Thanks for posting your experience and sharing how it’s going. And how my book is filling in some blanks for you – that’s why I wrote it! I also started with TDFB book. :) With clothing, we’ve always used the Grovia velcro covers with a prefold folded inside. Actually, before that, we used 7th Gen disposables (but they were usually dry for multiple pees). Over time, you get a hang of how to get ’em all off with one hand! Heck, you even learn how to cook a full 4 course meal with one hand!!

      Wondering…when you’re out and about do you wear your baby in a carrier?

      xx Andrea

    • Ginger on December 2, 2011 at 1:23 pm

      We are using carriers some of the time – I am still trying to find one that is most comfortable for us since she is growing out of the sleepy wrap.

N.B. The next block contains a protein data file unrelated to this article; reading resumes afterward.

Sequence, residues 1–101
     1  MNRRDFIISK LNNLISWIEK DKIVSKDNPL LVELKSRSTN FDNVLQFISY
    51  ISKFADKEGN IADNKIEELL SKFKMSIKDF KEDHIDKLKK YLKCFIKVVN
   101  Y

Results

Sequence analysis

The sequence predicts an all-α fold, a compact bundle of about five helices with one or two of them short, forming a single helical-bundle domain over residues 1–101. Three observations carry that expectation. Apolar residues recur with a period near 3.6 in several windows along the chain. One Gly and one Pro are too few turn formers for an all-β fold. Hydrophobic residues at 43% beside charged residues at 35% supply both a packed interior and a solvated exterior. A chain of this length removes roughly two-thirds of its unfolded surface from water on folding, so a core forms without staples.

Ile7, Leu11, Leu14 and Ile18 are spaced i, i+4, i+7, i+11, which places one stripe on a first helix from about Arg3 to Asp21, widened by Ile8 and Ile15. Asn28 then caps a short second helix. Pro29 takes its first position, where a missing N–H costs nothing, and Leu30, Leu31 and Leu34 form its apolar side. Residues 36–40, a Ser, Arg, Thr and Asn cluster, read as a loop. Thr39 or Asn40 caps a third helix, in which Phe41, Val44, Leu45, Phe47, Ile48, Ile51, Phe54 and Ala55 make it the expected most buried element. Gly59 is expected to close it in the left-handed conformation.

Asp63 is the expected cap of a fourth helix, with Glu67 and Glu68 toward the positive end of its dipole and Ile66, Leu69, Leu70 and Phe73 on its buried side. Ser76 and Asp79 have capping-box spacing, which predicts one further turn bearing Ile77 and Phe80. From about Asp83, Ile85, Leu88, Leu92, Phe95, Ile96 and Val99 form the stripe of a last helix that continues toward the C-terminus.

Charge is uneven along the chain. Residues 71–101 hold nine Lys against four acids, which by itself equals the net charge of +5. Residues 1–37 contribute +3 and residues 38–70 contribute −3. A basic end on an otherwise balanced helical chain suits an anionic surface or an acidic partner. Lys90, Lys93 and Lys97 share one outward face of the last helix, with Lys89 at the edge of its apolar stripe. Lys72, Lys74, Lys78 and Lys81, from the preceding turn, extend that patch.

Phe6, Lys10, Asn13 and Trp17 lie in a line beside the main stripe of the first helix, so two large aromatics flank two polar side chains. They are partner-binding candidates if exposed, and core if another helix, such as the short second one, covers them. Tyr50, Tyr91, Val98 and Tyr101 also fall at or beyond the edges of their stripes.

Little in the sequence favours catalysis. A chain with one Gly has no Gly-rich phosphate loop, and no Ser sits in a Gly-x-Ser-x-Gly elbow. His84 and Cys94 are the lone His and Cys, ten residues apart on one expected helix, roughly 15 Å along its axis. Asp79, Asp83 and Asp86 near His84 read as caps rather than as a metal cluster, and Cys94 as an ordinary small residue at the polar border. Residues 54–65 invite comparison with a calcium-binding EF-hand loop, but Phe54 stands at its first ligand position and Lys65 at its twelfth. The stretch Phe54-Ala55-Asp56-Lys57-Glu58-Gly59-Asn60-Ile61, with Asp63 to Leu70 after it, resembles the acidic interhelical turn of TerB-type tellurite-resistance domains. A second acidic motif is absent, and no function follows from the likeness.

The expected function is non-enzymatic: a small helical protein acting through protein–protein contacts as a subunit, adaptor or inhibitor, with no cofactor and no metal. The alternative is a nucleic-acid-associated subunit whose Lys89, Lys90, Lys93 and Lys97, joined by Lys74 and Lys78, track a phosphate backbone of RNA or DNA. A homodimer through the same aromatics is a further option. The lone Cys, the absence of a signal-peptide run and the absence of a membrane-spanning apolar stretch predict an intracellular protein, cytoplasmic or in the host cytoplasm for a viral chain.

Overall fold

I am using the trifolded prefold method, as well as all in ones and some bare bottom time at home. It’s the pants/tights/onesies when we’re out that is difficult. I just got a pair of Ecapants to try and I think we are going to love those under dresses with leggings for outings. Absolutley one handed.

      Sometimes having her go in the diaper is more convenient, or easier than explaining to whomever you are with that you must drop everything and take baby to potty when they signal. But I’m trying to mininize those times and commit to give it a try when I can.

  7. Lana on December 3, 2011 at 2:21 pm

    Feel free to use my “carry toddler around a few minutes prior” thing, advice, what ever you’d call it. :-) to me this has been an enriching and also LOGICAL experience.

    I only try things that make good sense so most have worked though every child is different.